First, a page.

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Your Best Vote

Friday, 25 January, 2013 - 1:00 pm

Israel went to the polls this week and, as is often the case in Israel, the outcome was anything but assured. Indeed, there was a plentiful supply of surprises and we will probably not know the makeup of the new government for at least another week or two.

In all, 12 parties were elected to the 120-member Knesset. That is twelve out of 35 parties participating.

Israel’s electoral system is quite different than ours in America. The necessity of a governing coalition gives considerable power to small parties, and encourages niche parties to participate. As if we Jews needed an excuse to form another opinion!

This cycle, over 20 parties such as Ale Yarok (Green Leaf), whose platform is legalizing marijuana, did not meet the electoral threshold (2%) to earn a Knesset seat. In all, 7% of Israeli votes went to waste (up from 3% in 2009). At debate in Israel, is whether these parties hurt themselves and the public by siphoning votes from would-be Knesset members. In other words, those votes, had they gone to a larger party (perhaps their second-choice) may have resulted in a larger right-wing or left-wing (or other) bloc. Now, they are meaningless.

So, is it worth voting for a party that has little to no chance of entering the Knesset?  It’s clear that some parties had no chance. But others came very close. Is it worth the risk?


In this week’s Parsha Beshalach we learn about the great miracle of the Splitting of the Sea. The Jews, the Midrash relates – caught between Pharaoh’s  army and the sea – break into four factions. One group says let’s go back to Egypt as slaves. Another opines to battle the Egyptian army. A third crowd promotes jumping in the sea (suicide; at least not dying at the hands of the Egyptians). The fourth bloc argues in favor of prayer – only G-d can help.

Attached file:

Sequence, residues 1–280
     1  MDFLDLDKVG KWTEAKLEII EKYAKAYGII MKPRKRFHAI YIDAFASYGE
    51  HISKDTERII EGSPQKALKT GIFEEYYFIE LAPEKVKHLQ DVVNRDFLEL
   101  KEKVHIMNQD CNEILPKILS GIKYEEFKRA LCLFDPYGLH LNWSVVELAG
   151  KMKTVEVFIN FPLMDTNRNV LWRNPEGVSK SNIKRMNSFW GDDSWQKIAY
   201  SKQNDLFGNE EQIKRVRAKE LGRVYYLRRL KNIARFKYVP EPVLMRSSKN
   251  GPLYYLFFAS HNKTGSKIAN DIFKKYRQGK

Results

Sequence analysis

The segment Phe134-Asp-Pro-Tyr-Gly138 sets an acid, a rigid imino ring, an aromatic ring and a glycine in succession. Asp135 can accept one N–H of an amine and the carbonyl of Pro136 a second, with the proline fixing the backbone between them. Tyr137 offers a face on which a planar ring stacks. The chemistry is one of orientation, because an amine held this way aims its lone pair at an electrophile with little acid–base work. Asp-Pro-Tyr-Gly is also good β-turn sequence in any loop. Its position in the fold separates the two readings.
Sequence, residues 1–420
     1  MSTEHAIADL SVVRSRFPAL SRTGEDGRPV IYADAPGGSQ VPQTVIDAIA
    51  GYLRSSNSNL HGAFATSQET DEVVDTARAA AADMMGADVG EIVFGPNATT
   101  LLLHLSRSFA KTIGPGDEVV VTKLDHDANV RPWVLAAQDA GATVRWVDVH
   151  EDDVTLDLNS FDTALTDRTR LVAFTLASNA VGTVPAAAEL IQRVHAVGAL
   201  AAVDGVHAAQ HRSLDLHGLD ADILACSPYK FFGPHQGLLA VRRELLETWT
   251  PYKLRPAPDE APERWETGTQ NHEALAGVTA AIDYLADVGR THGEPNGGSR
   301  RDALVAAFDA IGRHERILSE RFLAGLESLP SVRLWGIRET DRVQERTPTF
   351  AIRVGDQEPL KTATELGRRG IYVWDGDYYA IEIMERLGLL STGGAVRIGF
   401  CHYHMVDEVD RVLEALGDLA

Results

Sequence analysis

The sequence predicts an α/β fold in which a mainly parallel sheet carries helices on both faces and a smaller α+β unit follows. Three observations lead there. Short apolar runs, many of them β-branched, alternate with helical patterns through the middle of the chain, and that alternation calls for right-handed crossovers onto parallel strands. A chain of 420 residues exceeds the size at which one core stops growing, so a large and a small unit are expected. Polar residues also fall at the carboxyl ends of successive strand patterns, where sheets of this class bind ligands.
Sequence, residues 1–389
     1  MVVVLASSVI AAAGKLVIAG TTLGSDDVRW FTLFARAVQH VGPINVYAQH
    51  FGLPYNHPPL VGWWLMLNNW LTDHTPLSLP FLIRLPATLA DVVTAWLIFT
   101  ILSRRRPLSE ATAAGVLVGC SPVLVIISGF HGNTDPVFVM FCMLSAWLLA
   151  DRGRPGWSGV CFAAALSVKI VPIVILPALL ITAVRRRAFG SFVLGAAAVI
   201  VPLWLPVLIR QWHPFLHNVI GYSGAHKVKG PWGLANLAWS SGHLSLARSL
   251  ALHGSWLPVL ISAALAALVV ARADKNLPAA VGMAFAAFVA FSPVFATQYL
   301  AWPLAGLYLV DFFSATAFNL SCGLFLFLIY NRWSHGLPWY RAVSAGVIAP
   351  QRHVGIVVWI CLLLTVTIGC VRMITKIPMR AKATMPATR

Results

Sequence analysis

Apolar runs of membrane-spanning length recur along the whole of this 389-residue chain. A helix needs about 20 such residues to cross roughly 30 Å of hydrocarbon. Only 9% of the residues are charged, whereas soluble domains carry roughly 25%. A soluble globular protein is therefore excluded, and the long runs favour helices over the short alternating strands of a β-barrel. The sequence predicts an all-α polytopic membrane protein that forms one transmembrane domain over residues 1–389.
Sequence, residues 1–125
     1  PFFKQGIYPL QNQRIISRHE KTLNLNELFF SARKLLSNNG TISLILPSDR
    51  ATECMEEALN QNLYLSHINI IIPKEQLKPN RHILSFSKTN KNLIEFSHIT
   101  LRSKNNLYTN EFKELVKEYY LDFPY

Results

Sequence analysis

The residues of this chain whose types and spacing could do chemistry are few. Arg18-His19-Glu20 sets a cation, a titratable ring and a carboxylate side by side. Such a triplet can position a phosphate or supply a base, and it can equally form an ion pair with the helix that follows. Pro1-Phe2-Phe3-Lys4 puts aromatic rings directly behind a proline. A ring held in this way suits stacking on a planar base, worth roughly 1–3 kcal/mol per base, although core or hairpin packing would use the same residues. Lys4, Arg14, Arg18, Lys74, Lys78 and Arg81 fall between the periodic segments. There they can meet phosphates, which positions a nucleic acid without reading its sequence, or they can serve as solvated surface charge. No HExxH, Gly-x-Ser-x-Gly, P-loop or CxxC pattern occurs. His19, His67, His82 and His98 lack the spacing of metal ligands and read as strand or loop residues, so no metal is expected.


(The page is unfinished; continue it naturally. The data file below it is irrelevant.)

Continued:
Amazingly, they were all wrong.

G-d’s command to Moshe was simply to march forward. With the marvelous miracle that followed, it became evident why they were all mistaken. (A fascinating insight into the message behind these four groups can be found here.)

But I’d like to focus simply on the fact that they were all wrong. Sometimes, it is indeed possible that we all err in our judgment, as noble as it may seem. We have the right arguments. We are experienced. We act with sincere convictions.

Nonetheless, we simply miss the point.


It’s difficult for us to recognize when we are in such situations that might call for “another option altogether.” And I am certainly not expert enough to advise on whether one’s vote will further the best interests of one’s self or our brothers and sisters in Israel.

But, it is evident from the Torah, that if we maintain our allegiance to G-d’s direction – we cannot fail. (Especially, when such decisions affect the very survival of Jewish people.)

Perhaps that is the best litmus test for our decisions and convictions. Can I clearly state that my decision falls in line with G-d’s wishes?

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